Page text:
Anyone who has been recently diagnosed with plantar fasciitis should minimise time spent on their feet. However, after approximately one to two weeks you should be able to get back on your feet again.

Can I treat heel pain through walking?

Walking in small doses at this stage will actually help heal your plantar fasciitis. This provides the stretches necessary to increase flexibility and reduce pain. However, it is absolutely fundamental that anyone walking to help heal their plantar fasciitis, wears supportive insoles.

The only insoles proven to help heal plantar fasciitis, Enertor insoles are sure to get you back on your feet again.

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Key benefits of Enertor insoles

  • Proven in independent studies to help heal Plantar Fasciitis:
  • Over 91% of wearers reported reduced heel pain and 75% said the insoles helped eliminate symptoms of plantar fasciitis completely.
  • Injury prevention and increased comfort:
  • Improves muscle function, reduces fatigue.
  • Easy to use:
    • Fit into work, casual or sports shoes.
  • Durable - lasts over 7 times as long as standard insoles.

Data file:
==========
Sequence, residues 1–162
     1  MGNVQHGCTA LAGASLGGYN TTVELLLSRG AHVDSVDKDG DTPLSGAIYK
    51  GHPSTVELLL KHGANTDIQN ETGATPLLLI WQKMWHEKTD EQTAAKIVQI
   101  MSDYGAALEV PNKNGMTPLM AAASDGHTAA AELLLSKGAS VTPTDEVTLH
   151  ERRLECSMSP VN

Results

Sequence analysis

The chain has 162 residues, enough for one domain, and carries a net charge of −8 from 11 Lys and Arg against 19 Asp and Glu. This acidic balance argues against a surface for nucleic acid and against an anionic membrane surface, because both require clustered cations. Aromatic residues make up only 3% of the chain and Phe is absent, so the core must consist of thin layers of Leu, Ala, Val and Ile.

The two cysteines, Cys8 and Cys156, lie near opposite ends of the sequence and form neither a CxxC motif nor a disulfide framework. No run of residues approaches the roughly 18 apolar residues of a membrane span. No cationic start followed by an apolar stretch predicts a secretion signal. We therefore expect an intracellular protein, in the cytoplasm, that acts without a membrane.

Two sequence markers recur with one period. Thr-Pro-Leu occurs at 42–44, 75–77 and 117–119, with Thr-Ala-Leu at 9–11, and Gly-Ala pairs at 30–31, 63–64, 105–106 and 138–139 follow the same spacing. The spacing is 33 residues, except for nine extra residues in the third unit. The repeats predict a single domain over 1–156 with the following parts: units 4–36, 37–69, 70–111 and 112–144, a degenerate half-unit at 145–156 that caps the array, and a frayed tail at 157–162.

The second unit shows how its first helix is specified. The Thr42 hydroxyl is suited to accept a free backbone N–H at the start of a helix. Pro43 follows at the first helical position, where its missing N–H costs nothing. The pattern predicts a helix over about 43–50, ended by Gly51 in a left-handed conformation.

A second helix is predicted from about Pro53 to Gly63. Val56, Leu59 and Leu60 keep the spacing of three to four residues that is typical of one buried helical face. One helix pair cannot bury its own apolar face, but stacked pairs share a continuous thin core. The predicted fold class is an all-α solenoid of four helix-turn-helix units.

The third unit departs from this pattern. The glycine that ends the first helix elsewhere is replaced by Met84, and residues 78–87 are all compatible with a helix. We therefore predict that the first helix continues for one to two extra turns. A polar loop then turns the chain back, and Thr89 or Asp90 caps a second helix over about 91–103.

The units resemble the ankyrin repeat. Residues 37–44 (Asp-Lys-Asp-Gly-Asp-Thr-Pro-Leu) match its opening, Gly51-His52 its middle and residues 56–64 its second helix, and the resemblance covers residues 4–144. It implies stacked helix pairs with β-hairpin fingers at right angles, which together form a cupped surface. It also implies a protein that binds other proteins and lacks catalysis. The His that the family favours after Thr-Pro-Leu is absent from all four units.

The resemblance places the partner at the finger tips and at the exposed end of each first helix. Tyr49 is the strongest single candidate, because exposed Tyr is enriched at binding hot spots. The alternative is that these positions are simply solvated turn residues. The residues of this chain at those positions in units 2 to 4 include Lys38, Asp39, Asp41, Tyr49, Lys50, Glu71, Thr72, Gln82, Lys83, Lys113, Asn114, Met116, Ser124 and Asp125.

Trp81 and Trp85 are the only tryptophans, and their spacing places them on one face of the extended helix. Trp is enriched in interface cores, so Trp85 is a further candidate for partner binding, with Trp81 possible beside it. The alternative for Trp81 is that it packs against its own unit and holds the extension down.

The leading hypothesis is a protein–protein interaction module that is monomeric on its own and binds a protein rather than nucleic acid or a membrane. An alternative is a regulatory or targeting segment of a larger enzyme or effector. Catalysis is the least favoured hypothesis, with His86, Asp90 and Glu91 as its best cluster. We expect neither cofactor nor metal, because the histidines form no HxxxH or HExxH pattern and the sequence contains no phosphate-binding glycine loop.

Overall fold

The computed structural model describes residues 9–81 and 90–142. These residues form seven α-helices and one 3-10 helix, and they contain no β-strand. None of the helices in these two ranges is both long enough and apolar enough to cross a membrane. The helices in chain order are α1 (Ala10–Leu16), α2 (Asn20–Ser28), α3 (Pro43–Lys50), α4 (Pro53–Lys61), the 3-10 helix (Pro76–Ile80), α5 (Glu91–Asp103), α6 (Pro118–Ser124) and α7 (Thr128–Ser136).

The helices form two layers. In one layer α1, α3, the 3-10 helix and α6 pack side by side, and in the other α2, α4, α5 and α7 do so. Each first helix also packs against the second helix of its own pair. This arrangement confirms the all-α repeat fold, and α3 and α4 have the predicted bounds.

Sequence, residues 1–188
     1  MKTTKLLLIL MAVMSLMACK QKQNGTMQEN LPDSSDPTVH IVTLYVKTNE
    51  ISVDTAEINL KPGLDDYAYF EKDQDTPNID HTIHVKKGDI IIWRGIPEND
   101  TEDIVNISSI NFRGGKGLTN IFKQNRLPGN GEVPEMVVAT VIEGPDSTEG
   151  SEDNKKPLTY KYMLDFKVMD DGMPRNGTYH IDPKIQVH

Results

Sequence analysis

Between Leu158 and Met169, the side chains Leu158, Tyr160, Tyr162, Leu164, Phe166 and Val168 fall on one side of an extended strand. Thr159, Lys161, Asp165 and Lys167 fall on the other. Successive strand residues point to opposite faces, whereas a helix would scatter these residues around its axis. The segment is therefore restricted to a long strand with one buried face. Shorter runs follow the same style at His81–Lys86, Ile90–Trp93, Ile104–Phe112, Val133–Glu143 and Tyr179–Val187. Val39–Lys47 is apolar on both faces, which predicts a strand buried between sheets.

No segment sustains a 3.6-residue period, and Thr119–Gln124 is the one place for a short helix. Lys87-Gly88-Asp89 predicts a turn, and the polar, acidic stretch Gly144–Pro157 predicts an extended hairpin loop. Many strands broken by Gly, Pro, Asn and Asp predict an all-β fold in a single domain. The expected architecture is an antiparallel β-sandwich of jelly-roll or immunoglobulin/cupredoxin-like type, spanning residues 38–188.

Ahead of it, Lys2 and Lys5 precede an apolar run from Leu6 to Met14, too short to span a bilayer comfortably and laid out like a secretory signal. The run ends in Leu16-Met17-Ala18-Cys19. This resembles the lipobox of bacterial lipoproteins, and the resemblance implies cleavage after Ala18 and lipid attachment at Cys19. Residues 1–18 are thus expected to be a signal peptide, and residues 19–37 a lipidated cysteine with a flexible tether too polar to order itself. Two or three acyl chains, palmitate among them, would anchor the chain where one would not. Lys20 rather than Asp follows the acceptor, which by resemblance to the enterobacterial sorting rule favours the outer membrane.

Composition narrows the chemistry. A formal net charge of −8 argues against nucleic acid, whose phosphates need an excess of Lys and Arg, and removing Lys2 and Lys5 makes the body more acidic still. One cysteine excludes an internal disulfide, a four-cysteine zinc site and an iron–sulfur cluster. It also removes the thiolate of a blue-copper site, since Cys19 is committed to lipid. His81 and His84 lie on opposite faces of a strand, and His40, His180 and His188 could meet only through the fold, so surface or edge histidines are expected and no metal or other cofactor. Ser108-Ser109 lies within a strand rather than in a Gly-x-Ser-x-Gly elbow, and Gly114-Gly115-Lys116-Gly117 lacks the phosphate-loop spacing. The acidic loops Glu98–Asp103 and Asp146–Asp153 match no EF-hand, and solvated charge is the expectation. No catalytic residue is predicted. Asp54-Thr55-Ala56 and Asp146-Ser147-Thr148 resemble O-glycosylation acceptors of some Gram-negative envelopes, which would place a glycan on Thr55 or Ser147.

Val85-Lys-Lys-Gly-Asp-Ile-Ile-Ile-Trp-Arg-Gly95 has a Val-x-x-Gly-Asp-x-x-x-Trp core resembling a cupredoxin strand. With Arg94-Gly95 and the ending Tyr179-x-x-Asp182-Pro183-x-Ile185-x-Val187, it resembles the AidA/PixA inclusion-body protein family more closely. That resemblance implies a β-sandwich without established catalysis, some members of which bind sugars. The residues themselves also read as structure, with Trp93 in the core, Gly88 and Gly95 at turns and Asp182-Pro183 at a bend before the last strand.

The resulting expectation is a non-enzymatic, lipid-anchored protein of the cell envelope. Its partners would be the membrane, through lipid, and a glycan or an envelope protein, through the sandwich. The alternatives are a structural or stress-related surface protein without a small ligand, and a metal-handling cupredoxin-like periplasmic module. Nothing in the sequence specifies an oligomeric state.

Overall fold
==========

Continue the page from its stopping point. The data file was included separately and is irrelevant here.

• Suitable for everyone:
    • Diabetics and those recently recovering from leg surgery.

How Enertor insoles can prevent plantar fasciitis from getting worse

Research trial for Enertor insoles as a cure for plantar fasciitis

Enertor insoles are designed to prevent a number of common running injuries and provide more comfort. Designed by leading podiatrists to reduce your risk of injury, the unique design features and materials support your foot throughout training. Enertor insoles are enhanced by D3O impact protection technology, which means they can provide more shock absorption than any other insole. Our expertise, combined with the patented D3O shock absorption technology, enables Enertor to deliver the most advanced injury prevention insoles on the market today.

A recent study revealed that Enertor insoles not only helped to reduce foot and heel pain for over 91% of wearers, but also helped to HEAL over 75% of those who suffer from Plantar Fasciitis.